Could dying be a wonderful adventure?
Published 04 August 2012
Many people dread dying and even many Christians would say they want a peaceful death, but university professor John Wyatt wonders whether there could be more to appreciate about our departure from this world than we think.
Giving this year’s third and final Keswick Lecture, Wyatt said: "Many Christian people, when asked how they want to die, say 'I want to die in my sleep. I don’t want to be a burden to others. I want to die suddenly, and I don’t want to know what is going on'.
"Can you see that to long for this kind of death may not be an authentically Christian longing?
"Couldn’t ‘dying be a wonderful adventure? Maybe God has more to teach you in the process of dying well – and maybe you can be a witness to others as you die faithfully.
"Dying well is an opportunity for reordering priorities, restoring broken relationships, saying goodbye, fulfilling dreams, finding new meaning and preparing to meet God."
Wyatt is Emeritus Professor of Neonatal Paediatrics at University College London.
He went on to urge caution in the debate on assisted dying, warning against the manipulation of language among supporters.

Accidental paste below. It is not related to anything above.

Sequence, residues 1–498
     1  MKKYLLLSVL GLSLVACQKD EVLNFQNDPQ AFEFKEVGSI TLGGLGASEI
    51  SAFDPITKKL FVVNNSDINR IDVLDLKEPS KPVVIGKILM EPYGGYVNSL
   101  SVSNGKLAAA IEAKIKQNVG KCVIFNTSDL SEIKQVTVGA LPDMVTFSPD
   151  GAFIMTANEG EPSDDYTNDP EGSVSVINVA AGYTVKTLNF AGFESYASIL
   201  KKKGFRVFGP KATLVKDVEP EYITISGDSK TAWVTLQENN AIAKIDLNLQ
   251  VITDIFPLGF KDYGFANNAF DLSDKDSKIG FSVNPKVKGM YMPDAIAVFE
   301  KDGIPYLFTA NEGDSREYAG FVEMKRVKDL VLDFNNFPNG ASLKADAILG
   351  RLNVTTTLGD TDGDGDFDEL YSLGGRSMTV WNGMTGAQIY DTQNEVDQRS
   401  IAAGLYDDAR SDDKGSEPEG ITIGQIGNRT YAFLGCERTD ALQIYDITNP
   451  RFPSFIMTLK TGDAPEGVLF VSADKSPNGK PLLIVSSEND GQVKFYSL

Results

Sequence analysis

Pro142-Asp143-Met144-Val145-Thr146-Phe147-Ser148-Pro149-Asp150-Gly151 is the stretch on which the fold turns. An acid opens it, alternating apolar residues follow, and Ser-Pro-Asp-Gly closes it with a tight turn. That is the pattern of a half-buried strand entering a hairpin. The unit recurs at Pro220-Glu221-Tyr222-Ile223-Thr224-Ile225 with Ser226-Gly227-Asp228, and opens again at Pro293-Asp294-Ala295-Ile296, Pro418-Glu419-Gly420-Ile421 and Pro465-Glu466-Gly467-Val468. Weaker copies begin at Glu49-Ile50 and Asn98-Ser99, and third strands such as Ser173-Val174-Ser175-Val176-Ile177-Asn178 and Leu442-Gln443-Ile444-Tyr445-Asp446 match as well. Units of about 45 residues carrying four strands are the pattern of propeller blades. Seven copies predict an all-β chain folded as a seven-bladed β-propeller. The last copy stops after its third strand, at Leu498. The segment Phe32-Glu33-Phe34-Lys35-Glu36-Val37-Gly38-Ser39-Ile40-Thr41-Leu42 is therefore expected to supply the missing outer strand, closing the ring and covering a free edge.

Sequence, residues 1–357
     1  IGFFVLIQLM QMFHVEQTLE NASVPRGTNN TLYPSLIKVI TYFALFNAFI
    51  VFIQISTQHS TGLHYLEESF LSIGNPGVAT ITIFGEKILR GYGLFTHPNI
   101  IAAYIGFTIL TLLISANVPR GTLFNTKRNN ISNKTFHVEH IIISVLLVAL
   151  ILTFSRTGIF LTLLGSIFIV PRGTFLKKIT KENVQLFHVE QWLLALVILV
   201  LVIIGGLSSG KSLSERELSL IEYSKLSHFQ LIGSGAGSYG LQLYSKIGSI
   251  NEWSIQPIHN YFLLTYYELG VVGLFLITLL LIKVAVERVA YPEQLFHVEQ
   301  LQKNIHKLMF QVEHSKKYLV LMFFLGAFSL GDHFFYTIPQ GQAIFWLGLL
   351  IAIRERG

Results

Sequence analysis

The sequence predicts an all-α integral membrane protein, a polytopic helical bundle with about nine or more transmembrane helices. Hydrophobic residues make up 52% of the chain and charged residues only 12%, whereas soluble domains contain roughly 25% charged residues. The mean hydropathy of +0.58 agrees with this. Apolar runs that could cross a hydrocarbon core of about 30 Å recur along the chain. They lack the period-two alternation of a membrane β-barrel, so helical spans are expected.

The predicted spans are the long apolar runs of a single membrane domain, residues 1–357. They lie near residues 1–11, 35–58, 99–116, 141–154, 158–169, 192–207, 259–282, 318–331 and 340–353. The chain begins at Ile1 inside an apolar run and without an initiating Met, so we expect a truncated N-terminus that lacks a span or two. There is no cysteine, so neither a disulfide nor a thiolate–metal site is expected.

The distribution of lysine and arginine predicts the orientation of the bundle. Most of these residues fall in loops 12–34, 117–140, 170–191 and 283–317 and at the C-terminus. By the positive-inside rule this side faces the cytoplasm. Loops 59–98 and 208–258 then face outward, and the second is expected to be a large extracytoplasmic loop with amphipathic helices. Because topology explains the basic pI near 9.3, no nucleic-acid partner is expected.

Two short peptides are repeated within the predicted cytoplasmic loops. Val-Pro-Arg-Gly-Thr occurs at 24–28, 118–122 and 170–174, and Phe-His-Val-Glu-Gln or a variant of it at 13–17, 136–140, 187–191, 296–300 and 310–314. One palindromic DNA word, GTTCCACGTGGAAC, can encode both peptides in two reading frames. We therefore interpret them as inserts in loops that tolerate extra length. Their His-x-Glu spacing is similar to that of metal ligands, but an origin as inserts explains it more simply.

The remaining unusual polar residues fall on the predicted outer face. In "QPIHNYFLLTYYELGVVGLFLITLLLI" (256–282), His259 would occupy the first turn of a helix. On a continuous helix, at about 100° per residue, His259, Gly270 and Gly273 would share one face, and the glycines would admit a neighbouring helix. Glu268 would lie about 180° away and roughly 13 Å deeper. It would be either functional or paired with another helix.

In particular, he criticised the language of Dignity in Dying, formerly called the Voluntary Euthanasia Society.
"Their website studiously avoids straightforward words such as 'euthanasia', 'suicide', or 'mercy killing'," he explained.
"Instead it uses vague and euphemistic terms, such as 'a dignified death where suffering is minimised', 'choice and control over how we die', 'assistance to die', and 'the choice to end suffering if it becomes unbearable'."
He warned that a "recurring theme" in medical ethics was the manipulation of language "to make ethically controversial actions more acceptable".
"The manipulation of language usually precedes a widespread change in ethical behaviour," he said.
"It demonstrates how important language is to the way human beings make moral decisions."
As an example, he said it was much nicer to talk about assisted dying, or "death with dignity" than using the harsher term “killing”.
"It’s important to be clear about words – there is a proverb which says 'The beginning of wisdom is to call things by their proper names'."
He concluded that Christians had a responsibility to care for the dying "in the light of the future".
"We must care for people not only in the light of what they once were, but in the light of what, by God’s grace, they are going to be," he said.
"When we love someone in the present, showing practical, empathic, respectful, sacrificial caring, we are also pointing them to the future, to the hope of the resurrection.
"This is why we can still respect and treat with dignity even the most tragically damaged of human beings."
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